UK Government announces a consultation to ban plastic stemmed cotton buds

 

We are very encouraged by the UK Government's decision to launch a consultation to ban the sale and manufacture of plastic stemmed cotton buds. The announcement illustrates the Government's continued commitment to tackle the pressing problem of plastic pollution.

A Johnson & Johnson Ltd spokesperson stated:

“We fully support the proposal to reduce the use of plastics in cotton buds in the UK. We recognise that our products have an environmental footprint. That’s why we worked with Fidra last year to remove the plastic sticks from our cotton buds and replace them with 100% paper instead. One year later we are immensely proud to have been one of the first companies in the UK to transition away from plastic stems.”

This decision follows the Scottish Government announcement in January that they intend to ban the sale and manufacture of plastic stemmed cotton buds. The consultation on this proposal will be launched at the end of April, and we highly encourage people to respond.

Alasdair Neilson from Fidra, the environmental charity that runs the Cotton Bud Project commented:

"We are delighted to hear this news. Plastic cotton bud stems are found littering beaches across the UK. Industry leaders, like Johnson & Johnson, have lead the way and have shown that change is possible. The UK Government's announcement is a small but significant step in the fight against plastic pollution.”

Cotton buds are one of the top ten most common litter items found blighting UK beaches. They find their way to sea when mistakenly flushed into the sewage system. The Marine Conservation Society's 2017 Great British Beach Clean survey found, on average, 26.9 cotton buds for every 100m of British beach.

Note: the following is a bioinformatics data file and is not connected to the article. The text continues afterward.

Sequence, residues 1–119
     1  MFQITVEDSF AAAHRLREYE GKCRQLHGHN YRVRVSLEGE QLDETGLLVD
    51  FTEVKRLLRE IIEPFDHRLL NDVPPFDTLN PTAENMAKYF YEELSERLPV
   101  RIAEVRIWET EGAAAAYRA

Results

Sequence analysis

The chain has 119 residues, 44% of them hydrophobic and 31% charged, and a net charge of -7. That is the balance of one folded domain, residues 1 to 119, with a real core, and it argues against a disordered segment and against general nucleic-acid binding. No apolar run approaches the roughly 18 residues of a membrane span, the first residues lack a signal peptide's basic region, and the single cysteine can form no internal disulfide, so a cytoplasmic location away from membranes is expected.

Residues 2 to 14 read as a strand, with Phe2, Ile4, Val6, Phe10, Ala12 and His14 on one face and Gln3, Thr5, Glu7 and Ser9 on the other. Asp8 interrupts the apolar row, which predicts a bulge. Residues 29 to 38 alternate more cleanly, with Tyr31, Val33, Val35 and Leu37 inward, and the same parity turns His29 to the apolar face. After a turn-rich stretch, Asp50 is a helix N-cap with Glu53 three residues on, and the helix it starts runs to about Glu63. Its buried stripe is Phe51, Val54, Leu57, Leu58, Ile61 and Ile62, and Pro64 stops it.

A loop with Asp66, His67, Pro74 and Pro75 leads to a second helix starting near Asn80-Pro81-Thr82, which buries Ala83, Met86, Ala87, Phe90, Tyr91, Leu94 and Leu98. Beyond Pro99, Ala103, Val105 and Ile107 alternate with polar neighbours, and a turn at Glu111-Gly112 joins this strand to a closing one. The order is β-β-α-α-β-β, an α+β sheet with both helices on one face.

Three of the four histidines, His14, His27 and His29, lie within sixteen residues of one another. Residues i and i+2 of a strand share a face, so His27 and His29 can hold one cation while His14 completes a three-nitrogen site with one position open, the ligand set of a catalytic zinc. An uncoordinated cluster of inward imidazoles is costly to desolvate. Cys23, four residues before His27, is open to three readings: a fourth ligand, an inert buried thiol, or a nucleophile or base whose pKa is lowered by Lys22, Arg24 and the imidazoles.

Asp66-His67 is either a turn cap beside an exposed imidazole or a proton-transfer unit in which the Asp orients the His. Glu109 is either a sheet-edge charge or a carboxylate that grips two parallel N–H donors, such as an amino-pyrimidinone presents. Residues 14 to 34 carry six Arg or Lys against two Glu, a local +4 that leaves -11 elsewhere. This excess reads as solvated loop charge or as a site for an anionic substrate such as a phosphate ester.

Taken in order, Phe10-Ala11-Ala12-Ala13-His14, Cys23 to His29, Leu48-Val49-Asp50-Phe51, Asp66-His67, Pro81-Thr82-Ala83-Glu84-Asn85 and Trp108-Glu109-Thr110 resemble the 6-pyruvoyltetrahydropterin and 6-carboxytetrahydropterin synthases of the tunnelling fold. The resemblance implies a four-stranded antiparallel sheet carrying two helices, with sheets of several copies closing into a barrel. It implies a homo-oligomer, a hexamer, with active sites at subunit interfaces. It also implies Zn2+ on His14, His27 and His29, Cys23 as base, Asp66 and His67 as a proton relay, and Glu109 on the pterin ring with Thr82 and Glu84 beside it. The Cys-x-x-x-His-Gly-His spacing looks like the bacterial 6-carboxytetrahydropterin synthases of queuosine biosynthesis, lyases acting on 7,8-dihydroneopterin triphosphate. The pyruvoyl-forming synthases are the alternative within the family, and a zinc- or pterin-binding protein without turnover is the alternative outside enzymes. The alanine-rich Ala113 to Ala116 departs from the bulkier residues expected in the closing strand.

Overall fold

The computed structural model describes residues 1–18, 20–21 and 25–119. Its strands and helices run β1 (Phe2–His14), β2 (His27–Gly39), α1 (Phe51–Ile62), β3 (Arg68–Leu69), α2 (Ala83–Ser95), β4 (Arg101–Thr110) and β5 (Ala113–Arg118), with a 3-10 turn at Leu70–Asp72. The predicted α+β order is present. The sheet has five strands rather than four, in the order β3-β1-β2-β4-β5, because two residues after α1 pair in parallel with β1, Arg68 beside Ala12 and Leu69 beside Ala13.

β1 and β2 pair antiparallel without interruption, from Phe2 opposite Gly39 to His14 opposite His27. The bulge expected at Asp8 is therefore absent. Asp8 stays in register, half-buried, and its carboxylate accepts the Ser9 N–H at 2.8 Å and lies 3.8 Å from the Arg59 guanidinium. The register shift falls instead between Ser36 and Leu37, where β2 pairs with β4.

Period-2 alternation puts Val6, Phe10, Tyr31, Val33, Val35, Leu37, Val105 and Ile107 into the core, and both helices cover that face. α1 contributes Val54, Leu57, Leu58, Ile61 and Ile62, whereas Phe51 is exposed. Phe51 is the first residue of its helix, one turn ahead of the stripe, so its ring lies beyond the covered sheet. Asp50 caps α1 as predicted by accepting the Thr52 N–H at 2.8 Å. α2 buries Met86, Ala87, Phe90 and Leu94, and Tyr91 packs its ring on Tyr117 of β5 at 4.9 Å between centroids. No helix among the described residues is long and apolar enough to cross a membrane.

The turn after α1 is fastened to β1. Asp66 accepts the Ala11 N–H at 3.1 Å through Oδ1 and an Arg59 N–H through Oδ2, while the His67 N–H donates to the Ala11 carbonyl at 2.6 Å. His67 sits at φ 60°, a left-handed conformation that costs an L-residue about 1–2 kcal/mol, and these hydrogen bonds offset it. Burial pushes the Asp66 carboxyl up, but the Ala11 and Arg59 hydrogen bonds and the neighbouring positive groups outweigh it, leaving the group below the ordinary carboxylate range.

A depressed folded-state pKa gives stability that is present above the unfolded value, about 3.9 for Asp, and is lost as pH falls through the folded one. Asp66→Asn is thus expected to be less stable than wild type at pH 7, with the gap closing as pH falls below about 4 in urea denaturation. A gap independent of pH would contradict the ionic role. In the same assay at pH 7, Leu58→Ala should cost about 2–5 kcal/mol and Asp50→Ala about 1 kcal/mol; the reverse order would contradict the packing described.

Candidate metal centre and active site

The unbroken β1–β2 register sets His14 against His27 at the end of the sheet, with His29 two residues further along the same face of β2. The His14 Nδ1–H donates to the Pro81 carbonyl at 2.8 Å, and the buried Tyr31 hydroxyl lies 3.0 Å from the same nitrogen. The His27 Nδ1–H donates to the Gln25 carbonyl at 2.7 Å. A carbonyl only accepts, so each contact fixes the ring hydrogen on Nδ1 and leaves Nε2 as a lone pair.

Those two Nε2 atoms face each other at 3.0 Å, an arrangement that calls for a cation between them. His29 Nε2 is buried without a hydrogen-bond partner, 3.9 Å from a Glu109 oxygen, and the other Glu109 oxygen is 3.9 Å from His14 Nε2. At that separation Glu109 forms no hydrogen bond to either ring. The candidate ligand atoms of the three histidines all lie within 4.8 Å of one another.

In addition to being aesthetically displeasing, plastic cotton bud stems also pose a significant threat to marine life. The risk of plastic debris to animals through ingestion is well documented, and cotton buds have been found in the digestive systems of seabirds and turtles. Whether paper or plastic-stemmed, cotton buds should never be flushed, but the impact of paper stems will be much lower if they do find their way to the sea.

Fidra looks forward to working with industry and the UK Government throughout the consultation process.

Monday, 12 March 2018 13:47

Fidra on Countryfile

Countryfile 

 

Fidra Featured on Countryfile

We were delighted to be featured on a special "Lothians and the Borders" episode of Countryfile last week. The episode focused on life in the Lothians and featured many of our favourite east Lothian haunts.

Project Manager Sarah Archer and Research Officer Clare Cavers took Countryfile's Annita Rani for a walk along Gullane beach. Walking down Gullane's beautiful sand dunes, Annita said: "Just looking at it, it seems like a pristine beach." However, all too soon, they were greeted with the sight of cotton buds washed up on the shoreline. Annita was shocked at how many they found and the impact they were having on the environment, remarking: "In hundreds of years, these are going to be in our ecosystem."

Annita praised Fidra's work with the Scottish Government, who, in January announced, from the very same beach, legislation to ban plastic stemmed cotton buds in Scotland. You can still see the episode on the BBC iPlayer.